When Mina receives word about Jonathan, she goes to help him. Lucy’s condition worsens so Dr. Seward asks the help of Dr. Abraham Van Helsing. Van Helsing notices the spots on the girl’s neck and her blood loss. They give Lucy several blood transfusions, but the girl improves only temporarily. Van Helsing suspects that Lucy is being victimized by a vampire and puts garlic in her room and around her neck to protect her. However, the vampire is able to attack the girl again and Lucy dies.

After her death, a beautiful lady begins attacking the children in the village. Disturbed, Van Helsing asks Dr. Seward to help him open Lucy’s coffin. He also gets to read Mina’s transcription of Jonathan’s diary about his trip to Transylvania. He gathers Lucy’s previous suitors and explains to them that Lucy has become a vampire and how they can save her soul and kill Count Dracula.

Dracula Book CoverDracula is not a novel, that is a single tale woven as a movie might be, instead it is in epistolary form as a collection of journals, letters and papers. The many viewpoints through each journal entry serve to create the suspense which sets the tone of the novel. I will confess that Dracula is not my favorite book of all time. I have never been into horror novels and this one is the granddaddy of the horror genre. Still, it is a classic that has been a part of our literary history and part of our pop culture. It is well worth the time to go back and see the original tale by its creator.

Author Interview: Meredith Allard

Being a fan of both fantasy and historical fiction, when they combine together, I feel that it makes a most satisfying read. So it is with pleasure that I introduce Author Meredith Allard to you here on No Wasted Ink.

Author Meredith AllardI’m Meredith Allard, and when I’m not teaching or writing (which isn’t often), I enjoy reading, scrapbooking, and finding great vegetarian recipes since I love to cook. I also practice yoga, and I’ve been known to shake my stuff at Zumba classes. I have a special affection for belly dancing, and I may practice a shimmy or two while brushing my teeth in the morning.

When and why did you begin writing?

I began writing because I had always had these crazy story ideas floating through my head. Throughout my school years I was lucky enough to have teachers who used my writing as examples for the class, and that added to my feeling that I was a writer. I knew that writing was in my future, and I tried out journalism and screenwriting but neither felt right. Finally, I found my way to writing novels and I knew I found my home.

When did you first consider yourself a writer?

I first thought of myself as a writer when I was 12 and I was asked to write our 6th grade graduation play. In truth, I was probably only asked because I had the neatest handwriting in the class, but I felt like a writer.

Can you share a little about your current book with us?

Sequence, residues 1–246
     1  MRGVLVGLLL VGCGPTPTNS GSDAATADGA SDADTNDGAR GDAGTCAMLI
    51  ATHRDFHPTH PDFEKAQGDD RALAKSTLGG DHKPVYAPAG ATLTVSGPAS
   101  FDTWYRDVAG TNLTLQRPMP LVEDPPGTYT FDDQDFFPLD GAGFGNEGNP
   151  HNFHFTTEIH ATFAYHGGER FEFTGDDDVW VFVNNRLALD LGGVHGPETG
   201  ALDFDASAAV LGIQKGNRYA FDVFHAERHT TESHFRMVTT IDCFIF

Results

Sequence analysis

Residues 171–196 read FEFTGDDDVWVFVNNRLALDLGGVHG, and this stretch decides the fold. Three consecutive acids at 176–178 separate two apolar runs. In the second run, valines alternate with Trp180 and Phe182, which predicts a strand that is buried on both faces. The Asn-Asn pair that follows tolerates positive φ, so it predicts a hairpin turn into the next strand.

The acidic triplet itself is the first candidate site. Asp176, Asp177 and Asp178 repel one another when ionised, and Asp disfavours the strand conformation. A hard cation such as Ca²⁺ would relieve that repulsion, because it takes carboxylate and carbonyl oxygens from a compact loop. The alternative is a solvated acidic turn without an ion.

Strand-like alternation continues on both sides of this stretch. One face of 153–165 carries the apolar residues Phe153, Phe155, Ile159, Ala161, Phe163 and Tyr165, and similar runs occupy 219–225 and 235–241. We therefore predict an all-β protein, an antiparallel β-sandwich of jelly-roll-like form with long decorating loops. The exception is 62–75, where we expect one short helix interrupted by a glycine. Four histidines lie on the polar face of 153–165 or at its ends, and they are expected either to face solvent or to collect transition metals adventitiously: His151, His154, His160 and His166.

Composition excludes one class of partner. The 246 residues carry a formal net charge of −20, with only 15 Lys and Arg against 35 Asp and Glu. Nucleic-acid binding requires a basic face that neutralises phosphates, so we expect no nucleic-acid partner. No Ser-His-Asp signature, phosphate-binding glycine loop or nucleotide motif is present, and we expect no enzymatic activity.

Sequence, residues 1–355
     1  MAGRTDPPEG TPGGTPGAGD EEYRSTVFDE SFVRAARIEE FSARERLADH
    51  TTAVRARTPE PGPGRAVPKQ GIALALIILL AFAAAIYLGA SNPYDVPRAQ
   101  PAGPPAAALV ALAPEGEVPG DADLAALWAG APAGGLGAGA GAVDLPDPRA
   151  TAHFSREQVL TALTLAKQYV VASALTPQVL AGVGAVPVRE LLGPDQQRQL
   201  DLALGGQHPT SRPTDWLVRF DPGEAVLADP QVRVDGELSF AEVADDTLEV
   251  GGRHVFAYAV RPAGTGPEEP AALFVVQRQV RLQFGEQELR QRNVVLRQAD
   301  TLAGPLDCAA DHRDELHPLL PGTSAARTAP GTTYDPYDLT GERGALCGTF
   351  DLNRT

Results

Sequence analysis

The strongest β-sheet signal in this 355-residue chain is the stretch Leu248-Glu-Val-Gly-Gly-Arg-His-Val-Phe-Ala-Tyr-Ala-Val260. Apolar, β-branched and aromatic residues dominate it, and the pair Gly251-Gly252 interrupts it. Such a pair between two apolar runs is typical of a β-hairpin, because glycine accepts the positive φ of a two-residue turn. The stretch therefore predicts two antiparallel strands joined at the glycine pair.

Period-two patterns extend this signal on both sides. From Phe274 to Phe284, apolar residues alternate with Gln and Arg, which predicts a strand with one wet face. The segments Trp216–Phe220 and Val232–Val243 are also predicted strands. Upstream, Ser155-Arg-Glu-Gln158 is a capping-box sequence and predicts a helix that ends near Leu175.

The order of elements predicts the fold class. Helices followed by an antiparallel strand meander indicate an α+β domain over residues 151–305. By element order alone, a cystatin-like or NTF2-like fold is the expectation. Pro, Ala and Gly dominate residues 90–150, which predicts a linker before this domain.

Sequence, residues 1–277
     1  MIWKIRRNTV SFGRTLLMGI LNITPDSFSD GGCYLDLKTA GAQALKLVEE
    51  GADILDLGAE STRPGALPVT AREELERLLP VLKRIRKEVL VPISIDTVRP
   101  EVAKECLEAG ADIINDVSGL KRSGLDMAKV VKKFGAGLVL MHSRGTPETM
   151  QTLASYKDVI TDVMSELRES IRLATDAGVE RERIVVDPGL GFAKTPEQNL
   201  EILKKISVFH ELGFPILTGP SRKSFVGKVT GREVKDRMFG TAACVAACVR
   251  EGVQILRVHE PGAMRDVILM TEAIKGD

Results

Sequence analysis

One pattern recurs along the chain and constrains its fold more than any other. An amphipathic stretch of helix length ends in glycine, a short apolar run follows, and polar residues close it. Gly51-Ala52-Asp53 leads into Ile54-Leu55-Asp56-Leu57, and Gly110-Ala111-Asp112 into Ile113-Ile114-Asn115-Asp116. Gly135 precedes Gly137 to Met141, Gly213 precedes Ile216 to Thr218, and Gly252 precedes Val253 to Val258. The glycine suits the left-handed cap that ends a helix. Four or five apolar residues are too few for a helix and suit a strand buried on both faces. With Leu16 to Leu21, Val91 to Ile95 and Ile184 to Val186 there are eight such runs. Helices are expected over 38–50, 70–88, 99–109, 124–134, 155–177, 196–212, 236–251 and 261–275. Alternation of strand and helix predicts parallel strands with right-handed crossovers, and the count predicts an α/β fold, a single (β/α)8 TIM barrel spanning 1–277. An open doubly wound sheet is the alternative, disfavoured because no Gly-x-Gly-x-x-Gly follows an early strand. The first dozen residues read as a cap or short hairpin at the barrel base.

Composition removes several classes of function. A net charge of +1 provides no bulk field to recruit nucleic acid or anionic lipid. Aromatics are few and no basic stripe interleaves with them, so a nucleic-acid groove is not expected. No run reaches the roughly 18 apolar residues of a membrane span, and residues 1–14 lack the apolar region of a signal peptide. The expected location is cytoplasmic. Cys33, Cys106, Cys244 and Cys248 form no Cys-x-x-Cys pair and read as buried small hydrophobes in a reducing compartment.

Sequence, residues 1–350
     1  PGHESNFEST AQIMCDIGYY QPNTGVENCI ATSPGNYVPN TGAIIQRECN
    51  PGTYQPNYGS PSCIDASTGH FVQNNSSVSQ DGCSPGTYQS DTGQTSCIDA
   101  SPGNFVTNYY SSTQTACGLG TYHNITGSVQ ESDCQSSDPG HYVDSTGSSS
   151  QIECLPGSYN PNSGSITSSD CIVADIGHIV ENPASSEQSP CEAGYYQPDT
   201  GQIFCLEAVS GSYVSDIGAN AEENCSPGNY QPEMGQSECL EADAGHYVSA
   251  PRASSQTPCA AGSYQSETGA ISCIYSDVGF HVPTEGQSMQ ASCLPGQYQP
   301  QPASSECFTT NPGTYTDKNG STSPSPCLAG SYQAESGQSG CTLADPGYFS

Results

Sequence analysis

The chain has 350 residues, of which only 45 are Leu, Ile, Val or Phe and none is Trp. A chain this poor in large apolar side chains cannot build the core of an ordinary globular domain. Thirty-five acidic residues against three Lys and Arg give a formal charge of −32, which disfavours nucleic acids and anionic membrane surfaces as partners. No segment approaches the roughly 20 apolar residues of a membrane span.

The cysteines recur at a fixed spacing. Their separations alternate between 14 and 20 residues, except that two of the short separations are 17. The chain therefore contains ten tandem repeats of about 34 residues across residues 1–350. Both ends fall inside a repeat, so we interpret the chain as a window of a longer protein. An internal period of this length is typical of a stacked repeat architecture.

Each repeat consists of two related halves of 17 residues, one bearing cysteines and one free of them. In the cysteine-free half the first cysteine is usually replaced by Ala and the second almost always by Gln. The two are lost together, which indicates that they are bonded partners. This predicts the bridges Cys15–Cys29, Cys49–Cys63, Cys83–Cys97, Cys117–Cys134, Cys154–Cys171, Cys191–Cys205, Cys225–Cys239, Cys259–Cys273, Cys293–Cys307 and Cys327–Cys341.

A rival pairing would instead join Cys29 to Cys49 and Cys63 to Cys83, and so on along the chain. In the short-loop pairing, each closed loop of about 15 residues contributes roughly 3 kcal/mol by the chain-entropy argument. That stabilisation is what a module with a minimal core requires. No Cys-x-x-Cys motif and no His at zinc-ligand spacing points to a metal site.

At its heart, Her Dear & Loving Husband is a love story that spans time. It’s about James Wentworth, a 319 year-old vampire who has tried to make the best of his immortal life though he misses his wife, Elizabeth, dreadfully. He meets Sarah Alexander, who looks just like his Lizzie, and though at first he has feelings for Sarah because she reminds him of his wife, he begins to love Sarah for being Sarah. But there’s more to that story than meets the eye, and James and Sarah have to unravel a lot in order to understand what’s happening to them. James needs to navigate between the past and his sad memories of Salem during the witch hunt days and the present when he is faced with a reporter desperate to prove that vampires walk the earth.

One of the things that set the Loving Husband Trilogy apart from similar books is that the point of view goes back and forth between James and Sarah. That’s one thing I found missing in some other vampire stories—you only got the human girl’s point of view. I always wanted to know what the vampire was thinking and feeling. In the Loving Husband Trilogy we hear from both James and Sarah—what they’re thinking, what they’re feeling, why they make the choices they do. I think it adds another layer of interest to their romantic story.

What inspired you to write this book?

A student handed me Twilight (this was in 2008) and though I wasn’t into vampires I read it because she raved about it. After I read the Twilight books, I started watching True Blood, and from there I started reading Anne Rice, Charlaine Harris, and of course the standard in the genre, Dracula by Bram Stoker. After I had a brain full of vampire, a story about a vampire still mourning his long-dead human wife occurred to me. I kicked the idea around in my head for about six months, and then I decided to see if there was anything to this crazy idea. From the moment I started writing I never looked back because the characters and the story took over. Originally, I didn’t have any intention to write a piece of historical fiction, but once I decided to set the story in Salem, Massachusetts I knew I had to incorporate the Salem Witch Trials somehow. The story travels back and forth between Salem during the witch hunts and present-day Salem. This isn’t a blood and guts vampire story. It’s a love story, and James is a very human vampire.